“It makes me remember what it was like to have a real hand, what it was like 20 years ago,” he said.
Through his prosthetist in Detroit, German (who is originally from Michigan) learned of a skin-like covering for prosthetic arms known as LivingSkin. The company manufactures “high definition silicon coverings” for different types of prothetics, said Phillip Castore, director of operations for LivingSkin.
Interested in a covering for his old hand, about six months ago, German met with a LivingSkin artist. It was at that meeting that German learned of the i-Limb Hand, as LivingSkin manufactures coverings for Touch Bionics, among other prosthetic companies.
“It’s (was) a two-and-a-half hour session,” Castore said. “The artist studied his hand in various light. We’re able to simulate skin tones ... as well as skin. We also do custom nails.”
German was selected as one of the 11 people in Touch Bionics’ market preference study because he is an “extremely demanding” prosthetics user — meaning he uses his prosthetic frequently and for many tasks, said Stuart Mead, chief executive officer of Touch Bionics, which is based in Livingston, Scotland. German’s previous experience with a myoelectrical hand also made him an ideal candidate.
“(German) uses the hand frequently and is able to assess,” Mead said in a telephone interview. “And he tells it as he sees it.”
Mead said that while the majority of those in the study had “very, very positive feedback,” Touch Bionics made some “minor tweaks” to the hand — such as increasing the strength of the wrist — before it was released to the masses July 29 at the International Society for Prosthetics and Orthotics’ 12th Annual world congress in Vancouver, British Columbia.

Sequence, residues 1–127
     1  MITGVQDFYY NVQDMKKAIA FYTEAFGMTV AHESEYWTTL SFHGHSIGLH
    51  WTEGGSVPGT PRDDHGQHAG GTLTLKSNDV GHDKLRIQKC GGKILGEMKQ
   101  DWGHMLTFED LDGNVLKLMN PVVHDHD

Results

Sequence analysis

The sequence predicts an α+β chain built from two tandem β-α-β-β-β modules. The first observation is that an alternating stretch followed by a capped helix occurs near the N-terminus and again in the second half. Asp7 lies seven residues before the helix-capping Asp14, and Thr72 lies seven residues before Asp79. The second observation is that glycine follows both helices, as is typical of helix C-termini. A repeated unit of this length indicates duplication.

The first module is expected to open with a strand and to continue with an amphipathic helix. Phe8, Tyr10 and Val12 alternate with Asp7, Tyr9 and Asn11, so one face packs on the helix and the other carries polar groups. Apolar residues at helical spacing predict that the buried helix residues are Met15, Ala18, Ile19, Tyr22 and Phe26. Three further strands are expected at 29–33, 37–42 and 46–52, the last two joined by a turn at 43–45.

The LivingSkin covering fits German’s i-Hand, and he said that while it can slow down the finger’s movements, it also improves the traction of his plastic fingers.
The i-Limb hand cost German $18,450 and the LivingSkin, $10,000. The prosthetic arm is the same one German wore with his old hand, but with modifications to hold the new hand’s batteries. German has about four or five arms for different tasks, including one he modified himself to include a hockey stick. He’s been playing hockey since before he lost his arm.
The arm hangs on the corner bones of German’s stump. Like some other amputees, he occasionally suffers from phantom pain (a sensation as if he still had his arm, and it was in pain), but his prosthesis is comfortable to wear. He removes it to shower, sleep and sometimes while relaxing around the house.
“I clean up the arms before people come over,” said German’s wife, Lisa, with a laugh. “Other people lose their keys; he loses arms. He’ll be watching TV and leave it by the couch, and then he can’t find it in the morning, like, ‘Where’s my arm?’”
At press time, German wasn’t sure if the expense of his new hand or LivingSkin would be covered by insurance, but he said he planned to ‘‘challenge the insurance companies until they pay.’’
‘‘I’ll continue to fight,’’ he said. ‘‘They have to. If they don’t, they’re denying function." ’
Some high-tech prosthetics look as if they'd give athletes an advantage, but perception might not jibe with reality.
By Jeannine Stein, Times Staff WriterJuly 23, 2007